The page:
CSA man in sex claim 'made other advances': Woman 'cornered' at office party

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A CHILD Support Agency manager who claims he was sexually harassed by a woman on his staff, twice made sexual advances towards another female official, a tribunal was told yesterday.

Stephen Davies, 39, allegedly cornered the woman at Christmas parties, prompting other CSA staff to act as her minders.

The woman, known as Mrs C, was speaking on the fourth day of an industrial tribunal in Birmingham hearing Mr Davies's claims that another woman, Mrs A, waged an eight-month campaign to get him into bed.

When he refused, she reported him for sexual harassment. He was cleared of the charge but was sacked in March for allegedly bullying two CSA staff. Amid claims and counter-claims of affairs, sexual misbehaviour and drunkenness in the CSA, Mr Davies is claiming the agency's failure to stop the woman harassing him amounts to sexual discrimination.

The hearing has already heard the woman and her husband claim that Mr Davies tried to sleep with Mrs C and another of his staff and once made a bet that he would get Mrs C into bed. Mr Davies has admitted that he had affairs and that he once dropped his trousers at a CSA party when challenged about the size of his penis, but he has denied trying to sleep with any of his staff.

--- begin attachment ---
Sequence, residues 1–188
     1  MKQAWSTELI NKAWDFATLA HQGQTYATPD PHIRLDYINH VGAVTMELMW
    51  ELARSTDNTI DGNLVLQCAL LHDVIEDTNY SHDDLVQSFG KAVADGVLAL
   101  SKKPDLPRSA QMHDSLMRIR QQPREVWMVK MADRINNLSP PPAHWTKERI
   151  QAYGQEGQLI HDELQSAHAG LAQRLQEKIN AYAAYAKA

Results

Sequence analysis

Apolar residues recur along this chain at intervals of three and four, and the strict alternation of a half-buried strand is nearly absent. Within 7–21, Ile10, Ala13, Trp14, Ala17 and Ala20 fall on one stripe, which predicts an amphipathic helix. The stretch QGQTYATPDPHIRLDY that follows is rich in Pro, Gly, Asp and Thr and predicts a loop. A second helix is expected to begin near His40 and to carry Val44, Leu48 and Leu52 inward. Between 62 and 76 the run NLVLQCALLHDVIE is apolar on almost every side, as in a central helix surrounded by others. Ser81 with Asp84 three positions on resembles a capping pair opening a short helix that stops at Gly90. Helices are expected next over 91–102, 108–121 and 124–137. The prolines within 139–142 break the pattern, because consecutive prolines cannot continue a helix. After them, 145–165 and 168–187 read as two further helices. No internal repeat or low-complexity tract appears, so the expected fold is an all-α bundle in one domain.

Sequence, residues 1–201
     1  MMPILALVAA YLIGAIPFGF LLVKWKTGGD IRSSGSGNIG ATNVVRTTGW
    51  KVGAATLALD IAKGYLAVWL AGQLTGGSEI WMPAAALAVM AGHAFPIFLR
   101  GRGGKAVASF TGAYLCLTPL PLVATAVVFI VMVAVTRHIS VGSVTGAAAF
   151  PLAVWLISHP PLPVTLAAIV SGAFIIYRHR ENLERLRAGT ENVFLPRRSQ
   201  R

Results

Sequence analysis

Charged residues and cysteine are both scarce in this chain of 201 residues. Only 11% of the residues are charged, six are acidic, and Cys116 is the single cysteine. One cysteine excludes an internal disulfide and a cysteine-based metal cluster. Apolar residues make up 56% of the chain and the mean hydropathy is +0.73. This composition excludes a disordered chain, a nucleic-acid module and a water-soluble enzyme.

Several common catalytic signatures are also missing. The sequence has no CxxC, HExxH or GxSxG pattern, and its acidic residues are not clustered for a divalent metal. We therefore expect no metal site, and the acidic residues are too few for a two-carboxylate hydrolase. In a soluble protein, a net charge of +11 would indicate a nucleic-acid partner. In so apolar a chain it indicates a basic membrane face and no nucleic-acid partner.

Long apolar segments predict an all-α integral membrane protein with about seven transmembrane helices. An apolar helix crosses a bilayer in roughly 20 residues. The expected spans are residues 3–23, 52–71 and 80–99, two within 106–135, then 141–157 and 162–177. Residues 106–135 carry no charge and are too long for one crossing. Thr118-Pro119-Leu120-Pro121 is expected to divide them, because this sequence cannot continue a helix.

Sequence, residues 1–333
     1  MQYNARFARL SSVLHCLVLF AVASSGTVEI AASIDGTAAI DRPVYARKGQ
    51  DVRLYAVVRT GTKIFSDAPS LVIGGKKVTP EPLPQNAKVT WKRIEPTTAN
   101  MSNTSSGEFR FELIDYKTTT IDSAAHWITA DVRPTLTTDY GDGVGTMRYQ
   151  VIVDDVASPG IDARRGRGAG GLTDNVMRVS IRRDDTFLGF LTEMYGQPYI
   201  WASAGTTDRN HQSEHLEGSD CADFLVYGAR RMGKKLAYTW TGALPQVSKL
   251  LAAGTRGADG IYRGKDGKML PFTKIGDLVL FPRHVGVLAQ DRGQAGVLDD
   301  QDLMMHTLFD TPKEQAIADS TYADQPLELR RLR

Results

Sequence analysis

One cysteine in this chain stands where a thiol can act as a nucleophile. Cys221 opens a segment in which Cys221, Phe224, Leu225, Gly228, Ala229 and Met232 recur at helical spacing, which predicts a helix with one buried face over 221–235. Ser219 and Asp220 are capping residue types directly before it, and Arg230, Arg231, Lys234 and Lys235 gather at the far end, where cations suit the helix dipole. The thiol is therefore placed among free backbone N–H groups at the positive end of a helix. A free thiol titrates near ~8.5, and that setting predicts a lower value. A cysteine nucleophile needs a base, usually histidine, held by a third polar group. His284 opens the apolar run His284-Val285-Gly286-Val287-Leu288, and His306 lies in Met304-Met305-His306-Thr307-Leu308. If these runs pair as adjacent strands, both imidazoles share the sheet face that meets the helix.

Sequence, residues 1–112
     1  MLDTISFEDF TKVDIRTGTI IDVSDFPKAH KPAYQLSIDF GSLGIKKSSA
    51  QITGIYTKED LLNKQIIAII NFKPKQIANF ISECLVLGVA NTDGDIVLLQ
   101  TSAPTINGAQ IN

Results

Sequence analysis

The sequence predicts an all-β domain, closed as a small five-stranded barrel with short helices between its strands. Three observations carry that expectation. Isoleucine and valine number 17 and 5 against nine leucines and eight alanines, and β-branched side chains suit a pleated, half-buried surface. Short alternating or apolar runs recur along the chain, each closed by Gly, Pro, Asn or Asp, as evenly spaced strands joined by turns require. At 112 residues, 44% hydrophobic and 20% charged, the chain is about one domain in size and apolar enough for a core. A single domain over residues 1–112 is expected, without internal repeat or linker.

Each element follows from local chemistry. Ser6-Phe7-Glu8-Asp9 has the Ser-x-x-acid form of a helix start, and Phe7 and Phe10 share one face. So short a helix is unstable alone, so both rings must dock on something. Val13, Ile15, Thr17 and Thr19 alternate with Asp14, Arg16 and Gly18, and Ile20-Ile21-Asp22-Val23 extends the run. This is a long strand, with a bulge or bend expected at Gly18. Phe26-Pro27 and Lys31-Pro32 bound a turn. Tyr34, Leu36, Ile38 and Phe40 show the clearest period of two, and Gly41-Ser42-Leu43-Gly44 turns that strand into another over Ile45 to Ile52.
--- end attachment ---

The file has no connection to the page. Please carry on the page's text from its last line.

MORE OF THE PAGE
Mrs C, who said staff were frightened of Mr Davies's mood swings, described his unwelcome sexual advances at two CSA functions in December 1992. The first was at a disco in Dudley.

'It was the first social occasion for all of the people working together as a team,' she said. 'I went to the ladies' and when I came out Steve was waiting outside. He basically made an approach which I rejected. It was along the lines of 'I want a Christmas kiss'.' She said Mr Davies was drunk and 'quite incoherent'.

She said the second attempt was made as she was leaving a Christmas Eve party in the CSA office: 'Steve followed me and again approached me and said I could not leave without a Christmas kiss.'

She refused and said she was rescued by Mr and Mrs A intervening. The hearing was told that Mr A had pretended to have an affair with Mrs C to keep Mr Davies at bay.

Mrs C also said staff were afraid of Mr Davies's apparent split personality and aggressive behaviour.

'One day he would be perfectly OK and friendly, and the next he would snap your head off,' she said. 'It was almost like a change of character. It was obvious that he did make certain people feel intimidated, although personally I always felt I could handle the situation.'

Mr Davies's wife, Diane, also a CSA worker, was in tears as she told the tribunal that Mr Davies gave '500 per cent' to the agency.

She also confirmed that Mr Davies had come home one evening and told her of Mrs A's unwanted advances. Mrs A is alleged to have pestered Mr Davies, calling him at home, inviting him to her hotel rooms and buying him skimpy briefs which she asked him to model.

Mrs Davies said she had not been concerned at first because the Davieses and Mr and Mrs A were friends. However, when told of a statement made by Mrs A that she had no interest in Mr Davies, she replied: 'For her to say she would not have done it because I was her friend is laughable, because I knew for a fact that Mrs A had an affair with her best friend's husband.'

The hearing continues.